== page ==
What would a uniformly charged accelerometer read when responding to an electrostatic force?

• Karl Coryat
Karl Coryat
Suppose we have an accelerometer carrying a charge. The charge density everywhere in the instrument is uniform, or at least what I mean to say is, the charge on any component is proportional to that component's mass. Now, in an inertial reference frame, we place the accelerometer in an electric field. The accelerometer will accelerate. But will it register this acceleration?

The context of this question is a discussion about gravity. An accelerometer in freefall does not register an acceleration. In general relativity, this is explained by gravity being geometry rather than a force acting at a distance, so the accelerometer does not experience any forces unless it's being pushed upward by, say, a table. But a couple people are telling me that an accelerometer's zero reading during freefall can be explained via Newtonian gravity as well: The accelerometer reads zero because all of the components of the accelerometer, including the little tuning forks, are being acted on equally by the Newtonian force of gravity.

Thus the question about the accelerometer with a charge: If the electrostatic force is acting equally on all of the instrument's components, including the little tuning forks inside, will the accelerometer register zero, or something else, when the instrument is accelerated in the electric field?

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Summary:: Asking if a uniformly charged accelerometer would measure an acceleration when placed in an electric field.

Suppose we have an accelerometer carrying a charge. The charge density everywhere in the instrument is uniform, or at least what I mean to say is, the charge on any component is proportional to that component's mass. Now, in an inertial reference frame, we place the accelerometer in an electric field. The accelerometer will accelerate. But will it register this acceleration?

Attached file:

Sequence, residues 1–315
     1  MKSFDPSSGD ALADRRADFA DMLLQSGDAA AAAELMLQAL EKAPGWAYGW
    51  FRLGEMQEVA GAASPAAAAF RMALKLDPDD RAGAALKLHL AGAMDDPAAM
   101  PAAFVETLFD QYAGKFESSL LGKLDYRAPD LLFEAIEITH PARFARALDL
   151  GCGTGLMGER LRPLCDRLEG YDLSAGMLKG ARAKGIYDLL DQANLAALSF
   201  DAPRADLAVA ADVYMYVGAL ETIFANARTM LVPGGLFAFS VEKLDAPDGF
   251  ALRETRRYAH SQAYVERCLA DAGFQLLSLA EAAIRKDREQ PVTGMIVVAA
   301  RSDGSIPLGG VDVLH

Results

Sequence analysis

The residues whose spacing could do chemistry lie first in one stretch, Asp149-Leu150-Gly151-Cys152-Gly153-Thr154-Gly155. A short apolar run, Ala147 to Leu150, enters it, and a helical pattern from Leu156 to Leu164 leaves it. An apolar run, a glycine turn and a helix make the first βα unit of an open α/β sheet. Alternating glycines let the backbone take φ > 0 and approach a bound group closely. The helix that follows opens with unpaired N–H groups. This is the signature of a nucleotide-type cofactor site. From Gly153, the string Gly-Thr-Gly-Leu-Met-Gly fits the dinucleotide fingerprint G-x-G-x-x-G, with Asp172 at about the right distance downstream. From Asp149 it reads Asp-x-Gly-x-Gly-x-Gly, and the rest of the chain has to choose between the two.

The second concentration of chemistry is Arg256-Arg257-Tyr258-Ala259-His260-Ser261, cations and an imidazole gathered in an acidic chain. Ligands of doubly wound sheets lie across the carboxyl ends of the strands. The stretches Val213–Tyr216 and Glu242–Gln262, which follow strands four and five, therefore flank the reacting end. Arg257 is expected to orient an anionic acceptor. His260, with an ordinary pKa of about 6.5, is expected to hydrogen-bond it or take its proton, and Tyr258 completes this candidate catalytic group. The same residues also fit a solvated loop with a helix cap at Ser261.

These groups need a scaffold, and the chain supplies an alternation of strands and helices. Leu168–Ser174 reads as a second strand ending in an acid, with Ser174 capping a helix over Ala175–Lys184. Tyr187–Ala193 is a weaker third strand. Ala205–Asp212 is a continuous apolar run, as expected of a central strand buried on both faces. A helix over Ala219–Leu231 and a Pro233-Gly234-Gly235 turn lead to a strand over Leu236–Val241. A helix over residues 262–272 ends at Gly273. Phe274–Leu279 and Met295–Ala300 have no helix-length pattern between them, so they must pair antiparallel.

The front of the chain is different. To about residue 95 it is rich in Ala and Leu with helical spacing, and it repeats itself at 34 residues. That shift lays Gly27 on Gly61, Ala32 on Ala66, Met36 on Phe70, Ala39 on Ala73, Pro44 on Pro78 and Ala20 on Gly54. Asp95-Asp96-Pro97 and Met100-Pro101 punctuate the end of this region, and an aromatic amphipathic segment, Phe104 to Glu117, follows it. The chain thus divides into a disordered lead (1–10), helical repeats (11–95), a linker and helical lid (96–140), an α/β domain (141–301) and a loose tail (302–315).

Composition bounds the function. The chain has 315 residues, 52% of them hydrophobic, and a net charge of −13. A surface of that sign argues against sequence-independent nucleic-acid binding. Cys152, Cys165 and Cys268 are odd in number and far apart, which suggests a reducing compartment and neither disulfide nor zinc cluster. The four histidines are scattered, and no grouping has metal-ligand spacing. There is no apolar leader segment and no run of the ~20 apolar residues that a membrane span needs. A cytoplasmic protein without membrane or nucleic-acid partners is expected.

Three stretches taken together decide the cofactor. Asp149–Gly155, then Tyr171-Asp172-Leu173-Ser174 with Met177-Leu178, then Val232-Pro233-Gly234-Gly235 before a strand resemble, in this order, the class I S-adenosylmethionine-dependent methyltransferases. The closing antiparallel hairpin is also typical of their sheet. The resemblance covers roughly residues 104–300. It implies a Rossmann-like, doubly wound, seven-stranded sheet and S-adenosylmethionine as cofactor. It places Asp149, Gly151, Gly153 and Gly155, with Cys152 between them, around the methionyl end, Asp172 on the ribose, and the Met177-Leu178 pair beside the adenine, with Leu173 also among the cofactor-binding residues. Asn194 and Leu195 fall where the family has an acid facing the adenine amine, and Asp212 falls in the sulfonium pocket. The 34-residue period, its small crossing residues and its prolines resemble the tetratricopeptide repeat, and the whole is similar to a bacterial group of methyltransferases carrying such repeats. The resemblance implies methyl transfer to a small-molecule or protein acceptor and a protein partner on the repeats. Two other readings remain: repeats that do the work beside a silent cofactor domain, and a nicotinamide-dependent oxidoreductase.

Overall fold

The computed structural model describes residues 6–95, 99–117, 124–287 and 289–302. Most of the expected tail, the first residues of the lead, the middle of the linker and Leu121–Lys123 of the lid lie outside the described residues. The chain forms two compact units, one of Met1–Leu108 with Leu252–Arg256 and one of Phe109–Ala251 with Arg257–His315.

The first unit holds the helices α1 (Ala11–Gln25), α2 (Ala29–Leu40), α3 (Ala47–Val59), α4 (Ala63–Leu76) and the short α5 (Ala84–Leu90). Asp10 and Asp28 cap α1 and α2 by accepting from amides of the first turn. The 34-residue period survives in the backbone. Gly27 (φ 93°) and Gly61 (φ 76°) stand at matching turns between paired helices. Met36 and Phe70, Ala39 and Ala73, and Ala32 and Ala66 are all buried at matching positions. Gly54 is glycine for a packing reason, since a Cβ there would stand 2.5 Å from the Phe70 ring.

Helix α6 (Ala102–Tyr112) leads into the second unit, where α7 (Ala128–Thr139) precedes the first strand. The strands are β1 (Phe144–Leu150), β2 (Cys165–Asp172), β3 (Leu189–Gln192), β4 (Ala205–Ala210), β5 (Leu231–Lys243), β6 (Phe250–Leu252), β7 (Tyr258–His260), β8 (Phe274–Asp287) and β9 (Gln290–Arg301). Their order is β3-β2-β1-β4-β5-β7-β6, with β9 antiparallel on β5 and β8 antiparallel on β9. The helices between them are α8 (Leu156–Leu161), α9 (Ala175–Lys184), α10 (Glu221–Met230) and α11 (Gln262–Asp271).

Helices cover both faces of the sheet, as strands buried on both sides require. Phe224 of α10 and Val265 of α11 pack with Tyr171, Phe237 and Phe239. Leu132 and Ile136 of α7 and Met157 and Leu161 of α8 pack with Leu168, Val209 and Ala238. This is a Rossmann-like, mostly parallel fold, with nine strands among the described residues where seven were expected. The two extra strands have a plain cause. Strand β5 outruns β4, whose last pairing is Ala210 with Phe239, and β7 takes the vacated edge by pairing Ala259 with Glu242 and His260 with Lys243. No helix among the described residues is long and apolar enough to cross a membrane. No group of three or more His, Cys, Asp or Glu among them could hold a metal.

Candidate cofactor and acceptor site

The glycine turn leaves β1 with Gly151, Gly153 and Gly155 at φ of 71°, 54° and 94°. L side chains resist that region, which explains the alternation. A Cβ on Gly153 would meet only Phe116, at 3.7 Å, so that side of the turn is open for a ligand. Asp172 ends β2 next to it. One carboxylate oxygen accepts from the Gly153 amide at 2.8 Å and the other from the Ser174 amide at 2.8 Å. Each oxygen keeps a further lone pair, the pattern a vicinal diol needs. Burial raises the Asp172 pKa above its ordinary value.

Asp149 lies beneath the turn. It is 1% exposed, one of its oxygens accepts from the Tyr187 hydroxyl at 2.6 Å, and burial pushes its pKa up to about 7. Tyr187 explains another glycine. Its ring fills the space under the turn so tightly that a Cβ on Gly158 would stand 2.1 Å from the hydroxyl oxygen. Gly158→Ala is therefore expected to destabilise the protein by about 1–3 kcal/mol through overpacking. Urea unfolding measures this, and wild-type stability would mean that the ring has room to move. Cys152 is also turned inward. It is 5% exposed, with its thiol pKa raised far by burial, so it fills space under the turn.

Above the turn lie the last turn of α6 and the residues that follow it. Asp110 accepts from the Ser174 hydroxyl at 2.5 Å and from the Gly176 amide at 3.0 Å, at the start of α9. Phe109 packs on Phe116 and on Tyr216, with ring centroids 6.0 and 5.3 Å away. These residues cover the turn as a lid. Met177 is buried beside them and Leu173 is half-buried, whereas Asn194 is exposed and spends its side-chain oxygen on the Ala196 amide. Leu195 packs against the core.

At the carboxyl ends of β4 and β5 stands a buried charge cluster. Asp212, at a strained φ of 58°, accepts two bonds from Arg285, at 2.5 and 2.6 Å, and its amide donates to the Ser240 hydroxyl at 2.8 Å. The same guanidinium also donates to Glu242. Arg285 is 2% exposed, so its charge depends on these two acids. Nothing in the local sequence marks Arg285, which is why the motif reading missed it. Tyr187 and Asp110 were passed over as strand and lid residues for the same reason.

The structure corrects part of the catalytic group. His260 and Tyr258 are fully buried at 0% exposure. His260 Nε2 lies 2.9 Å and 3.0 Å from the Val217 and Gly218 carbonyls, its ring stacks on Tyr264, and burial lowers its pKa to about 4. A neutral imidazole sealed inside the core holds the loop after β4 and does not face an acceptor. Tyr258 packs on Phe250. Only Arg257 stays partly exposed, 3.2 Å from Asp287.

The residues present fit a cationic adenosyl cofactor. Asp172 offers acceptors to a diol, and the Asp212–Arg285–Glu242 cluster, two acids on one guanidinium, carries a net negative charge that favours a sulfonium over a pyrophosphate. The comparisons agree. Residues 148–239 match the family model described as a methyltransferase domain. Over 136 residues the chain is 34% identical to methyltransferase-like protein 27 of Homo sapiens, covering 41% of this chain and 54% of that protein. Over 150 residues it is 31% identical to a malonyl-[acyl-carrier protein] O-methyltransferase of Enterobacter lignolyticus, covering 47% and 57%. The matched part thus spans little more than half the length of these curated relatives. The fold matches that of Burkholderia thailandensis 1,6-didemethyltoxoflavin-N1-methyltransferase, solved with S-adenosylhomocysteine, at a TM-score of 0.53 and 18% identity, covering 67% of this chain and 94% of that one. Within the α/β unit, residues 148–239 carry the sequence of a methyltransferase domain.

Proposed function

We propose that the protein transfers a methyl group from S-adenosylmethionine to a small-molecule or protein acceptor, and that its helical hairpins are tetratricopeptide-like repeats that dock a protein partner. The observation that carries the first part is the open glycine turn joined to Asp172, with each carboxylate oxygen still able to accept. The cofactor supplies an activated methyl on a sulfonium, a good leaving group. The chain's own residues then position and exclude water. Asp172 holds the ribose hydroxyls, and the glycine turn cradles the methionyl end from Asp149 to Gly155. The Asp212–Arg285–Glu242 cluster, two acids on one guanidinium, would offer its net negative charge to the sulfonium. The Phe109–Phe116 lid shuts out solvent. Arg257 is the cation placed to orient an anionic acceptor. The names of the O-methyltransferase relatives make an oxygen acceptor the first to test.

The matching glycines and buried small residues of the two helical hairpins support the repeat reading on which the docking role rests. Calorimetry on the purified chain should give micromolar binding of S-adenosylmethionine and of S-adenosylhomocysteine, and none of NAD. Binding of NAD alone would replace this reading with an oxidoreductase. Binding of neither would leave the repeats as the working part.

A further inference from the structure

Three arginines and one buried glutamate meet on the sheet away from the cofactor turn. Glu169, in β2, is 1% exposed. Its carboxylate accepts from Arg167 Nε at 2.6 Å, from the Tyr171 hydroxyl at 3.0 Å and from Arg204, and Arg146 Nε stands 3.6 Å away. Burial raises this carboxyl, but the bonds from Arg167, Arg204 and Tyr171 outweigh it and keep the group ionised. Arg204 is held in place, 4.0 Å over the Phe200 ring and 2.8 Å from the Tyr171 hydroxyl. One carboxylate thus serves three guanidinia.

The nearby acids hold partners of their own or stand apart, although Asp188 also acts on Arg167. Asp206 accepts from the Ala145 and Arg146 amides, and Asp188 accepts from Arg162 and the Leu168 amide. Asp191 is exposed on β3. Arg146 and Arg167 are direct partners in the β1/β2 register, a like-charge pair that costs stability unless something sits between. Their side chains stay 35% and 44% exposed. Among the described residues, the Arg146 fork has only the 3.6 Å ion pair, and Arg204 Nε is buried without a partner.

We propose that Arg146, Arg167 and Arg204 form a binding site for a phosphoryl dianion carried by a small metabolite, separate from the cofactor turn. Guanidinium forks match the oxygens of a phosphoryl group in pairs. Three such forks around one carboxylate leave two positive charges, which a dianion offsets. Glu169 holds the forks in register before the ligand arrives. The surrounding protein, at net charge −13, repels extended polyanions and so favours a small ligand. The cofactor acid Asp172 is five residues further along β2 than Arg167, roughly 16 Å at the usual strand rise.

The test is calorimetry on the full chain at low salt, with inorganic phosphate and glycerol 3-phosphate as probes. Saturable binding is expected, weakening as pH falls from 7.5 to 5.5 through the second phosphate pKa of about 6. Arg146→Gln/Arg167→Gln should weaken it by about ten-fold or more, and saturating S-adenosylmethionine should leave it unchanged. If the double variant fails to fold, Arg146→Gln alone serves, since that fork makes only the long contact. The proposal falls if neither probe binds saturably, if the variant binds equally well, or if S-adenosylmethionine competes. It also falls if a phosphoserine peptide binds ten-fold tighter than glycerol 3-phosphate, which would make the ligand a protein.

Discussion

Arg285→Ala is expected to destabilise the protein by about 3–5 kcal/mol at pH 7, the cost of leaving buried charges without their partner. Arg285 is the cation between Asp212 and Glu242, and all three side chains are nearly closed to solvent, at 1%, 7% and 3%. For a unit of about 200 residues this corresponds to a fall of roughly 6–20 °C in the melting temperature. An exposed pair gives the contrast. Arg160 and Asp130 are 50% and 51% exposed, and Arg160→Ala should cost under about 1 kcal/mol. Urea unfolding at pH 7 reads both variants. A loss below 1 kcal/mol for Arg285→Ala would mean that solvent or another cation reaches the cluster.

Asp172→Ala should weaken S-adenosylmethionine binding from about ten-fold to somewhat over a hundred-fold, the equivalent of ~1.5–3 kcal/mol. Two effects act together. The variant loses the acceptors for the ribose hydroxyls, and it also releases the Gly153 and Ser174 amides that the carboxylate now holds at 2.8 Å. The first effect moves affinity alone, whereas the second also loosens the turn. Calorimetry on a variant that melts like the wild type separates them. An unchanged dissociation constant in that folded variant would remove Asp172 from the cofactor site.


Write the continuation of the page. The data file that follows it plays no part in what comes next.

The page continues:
Interesting question! First, if you (who is not freely falling) create an electrostatic field through which the accelerometer falls, the accelerometer will 'see' both an electric and magnetic field, because the fields also transform. Beyond that, I can't say much, but I suppose once you determine the transformed fields (or better- the stress-energy tensor), you simply plug it in as a stress-energy component of the usual general relativity field equation and go from there.

If you are thinking of a situation where the charged accelerometer is sitting on a table (or hanging from an insulating thread), and then you turn on a electrostatic field, The accelerometer should register the change in applied forces. Interesting idea for a undergrad lab... although in practice, I'm not sure you can accumulate charge so easily without creating problems with the electrical components. Maybe if the accelerometer was enclosed within a charge-carrying spherical shell?

Karl Coryat
Thanks! I'm trying to keep gravity out of the thought experiment (the experiment being an analogy for gravity); you can just imagine the accelerometer in a frictionless environment, perhaps in deep space, and being accelerated by the electric field only.